The realization that unless I get in to a hiring process soon, within the next 4-6 weeks, I will not be hired by the end of the year, has left me depressed about the world. I used to stay in decent shape, it was fun. Nowadays, I can barely get out of bed on time. I used to believe depressed people were just lazy, but being in the midst of it, I now see things differently. It is incredibly difficult to be motivated, to do almost anything, when everything you have tried professionally has failed. Again, and again, and again.

I have become a fan of obstacle course races. From a distance. I have had three primary excuses for not racing: Either they were too far away, or I was not in shape for them, or they were too expensive. This mindset has recently changed, I volunteered at Joe Decker's The Suck, in Cuba IL. Joe is a fitness icon, winning 2 Spartan Death Races back to back, finishing Badwater Ultra Marathon, and many other inspiring things.

So, I drove 5 hours down to his event. It was a wild experience, seeing people doing amazing things for 36 hours straight. It was inspiring to meet some amazing athletes, even spending about 30 minutes with Joe one on one as we traversed a ravine in the dark, hanging glow sticks (You had to be there). They have inspired me to get moving, to not be depressed about my situation, but to be able to look at it, and just deal with it, by realizing there are some many other things to do in life. Several of the racers told me about their experiences in various Goruck Challenges, and how it helped them move forward and really challenge and embolden them. How their first step was getting in to a GRC.

I would love for this same type of opportunity.

Rick
Rick

Hello, My name is Rick. I am a 30 year old, reluctant business man. About 6 years ago I found myself not caring for the business world. The work is not overly challenging, the pay is moderate, but I left work everyday feeling uninspired. As if what I did everyday, did not matter. I made a decision to change careers, to try and become a police officer. I find law enforcement to be a wonderfully honorable, interesting, and worthwhile career field. I have tried to change careers, to no avail. I paid my own way through school, while working fulltime, and relatively keeping my wife happy. It will be 3 years this December, since I graduated with a degree in Criminal Justice and Police Academy training. My academy training expires at the end of the year. To become a police officer means starting over from scratch. Economically, this is not viable. The realization that unless I get in to a hiring process soon, within the next 4-6 weeks, I will not be hired by the end of the year, has left me depressed about the world. I used to stay in decent shape, it was fun. Nowadays, I can barely get out of bed on time. I used to believe depressed people were just lazy, but being in the midst of it, I now see things differently. It is incredibly difficult to be motivated, to do almost anything, when everything you have tried professionally has failed. Again, and again, and again. I have become a fan of obstacle course races. From a distance. I have had three primary excuses for not racing: Either they were too far away, or I was not in shape for them, or they were too expensive. This mindset has recently changed, I volunteered at Joe Decker's The Suck, in Cuba IL. Joe is a fitness icon, winning 2 Spartan Death Races back to back, finishing Badwater Ultra Marathon, and many other inspiring things. So, I drove 5 hours down to his event. It was a wild experience, seeing people doing amazing things for 36 hours straight. It was inspiring to meet some amazing athletes, even spending about 30 minutes with Joe one on one as we traversed a ravine in the dark, hanging glow sticks (You had to be there). They have inspired me to get moving, to not be depressed about my situation, but to be able to look at it, and just deal with it, by realizing there are some many other things to do in life. Several of the racers told me about their experiences in various Goruck Challenges, and how it helped them move forward and really challenge and embolden them. How their first step was getting in to a GRC. I would love for this same type of opportunity.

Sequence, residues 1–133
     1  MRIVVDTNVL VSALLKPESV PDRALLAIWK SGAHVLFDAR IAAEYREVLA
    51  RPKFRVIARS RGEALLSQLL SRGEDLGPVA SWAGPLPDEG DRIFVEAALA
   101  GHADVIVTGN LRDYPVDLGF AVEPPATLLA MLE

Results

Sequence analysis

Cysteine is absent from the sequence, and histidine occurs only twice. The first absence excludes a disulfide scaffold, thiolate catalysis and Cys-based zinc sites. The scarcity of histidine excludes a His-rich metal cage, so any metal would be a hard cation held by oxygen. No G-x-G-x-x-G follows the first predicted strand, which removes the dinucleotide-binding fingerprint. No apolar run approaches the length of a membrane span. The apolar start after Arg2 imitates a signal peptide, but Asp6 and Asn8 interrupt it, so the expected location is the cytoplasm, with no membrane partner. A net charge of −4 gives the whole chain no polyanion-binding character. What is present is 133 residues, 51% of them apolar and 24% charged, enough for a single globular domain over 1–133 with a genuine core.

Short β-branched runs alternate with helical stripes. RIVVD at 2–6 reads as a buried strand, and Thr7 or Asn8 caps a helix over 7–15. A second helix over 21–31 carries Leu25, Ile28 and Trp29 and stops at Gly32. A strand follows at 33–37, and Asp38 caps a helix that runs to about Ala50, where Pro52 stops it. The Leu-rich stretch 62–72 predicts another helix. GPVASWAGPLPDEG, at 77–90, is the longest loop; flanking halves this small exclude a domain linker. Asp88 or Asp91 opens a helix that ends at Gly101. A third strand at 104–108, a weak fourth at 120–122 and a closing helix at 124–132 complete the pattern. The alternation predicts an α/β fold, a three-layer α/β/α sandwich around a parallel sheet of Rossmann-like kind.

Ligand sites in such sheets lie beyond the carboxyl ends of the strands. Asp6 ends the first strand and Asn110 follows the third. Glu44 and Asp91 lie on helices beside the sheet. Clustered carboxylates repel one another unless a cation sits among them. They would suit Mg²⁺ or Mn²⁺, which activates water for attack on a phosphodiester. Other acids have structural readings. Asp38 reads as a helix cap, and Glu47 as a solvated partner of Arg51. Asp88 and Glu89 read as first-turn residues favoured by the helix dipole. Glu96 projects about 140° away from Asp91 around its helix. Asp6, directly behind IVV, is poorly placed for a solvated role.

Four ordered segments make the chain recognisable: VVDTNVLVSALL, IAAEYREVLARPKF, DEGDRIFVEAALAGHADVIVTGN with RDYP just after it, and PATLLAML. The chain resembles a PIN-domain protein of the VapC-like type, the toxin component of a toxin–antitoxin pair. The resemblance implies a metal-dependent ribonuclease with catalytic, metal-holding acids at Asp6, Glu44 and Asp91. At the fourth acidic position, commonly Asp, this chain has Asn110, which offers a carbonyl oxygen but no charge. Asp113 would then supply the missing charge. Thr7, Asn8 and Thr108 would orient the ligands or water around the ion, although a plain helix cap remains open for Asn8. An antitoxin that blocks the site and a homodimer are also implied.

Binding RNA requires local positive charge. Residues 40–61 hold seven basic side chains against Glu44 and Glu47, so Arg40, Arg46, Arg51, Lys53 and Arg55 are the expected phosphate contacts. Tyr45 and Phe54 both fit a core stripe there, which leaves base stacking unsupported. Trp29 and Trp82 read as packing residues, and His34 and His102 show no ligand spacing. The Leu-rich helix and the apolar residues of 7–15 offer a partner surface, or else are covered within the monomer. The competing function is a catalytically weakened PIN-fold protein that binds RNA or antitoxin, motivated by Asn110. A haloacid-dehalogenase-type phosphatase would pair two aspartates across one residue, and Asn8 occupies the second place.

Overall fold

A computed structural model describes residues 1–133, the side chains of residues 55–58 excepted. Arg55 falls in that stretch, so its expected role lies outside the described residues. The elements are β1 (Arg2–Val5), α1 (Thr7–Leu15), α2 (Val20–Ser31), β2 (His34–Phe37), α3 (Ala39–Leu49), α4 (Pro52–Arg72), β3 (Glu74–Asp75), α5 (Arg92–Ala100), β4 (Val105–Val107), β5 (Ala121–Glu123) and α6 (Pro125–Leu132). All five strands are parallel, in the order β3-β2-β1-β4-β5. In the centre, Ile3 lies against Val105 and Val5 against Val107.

Svend
Svend

As a former athlete in HS and college I routinely faced challenges. As a NFO for 25 years I routinely faced challenges. I want to face challenges again.

Josh VandeWiele
Josh VandeWiele

I want to win a GoRuck slot, but not for myself. I'll buy my own, but I want my fiancée (wife next month) to win this.

I just completed my first GoRuck this past weekend in Iowa - Class 261! I was in the Marine Corps for four years and the GRC was a great way to commemorate 10 years since I graduated boot camp. I met some wonderful people and it brought back a flood of memories from the Corps.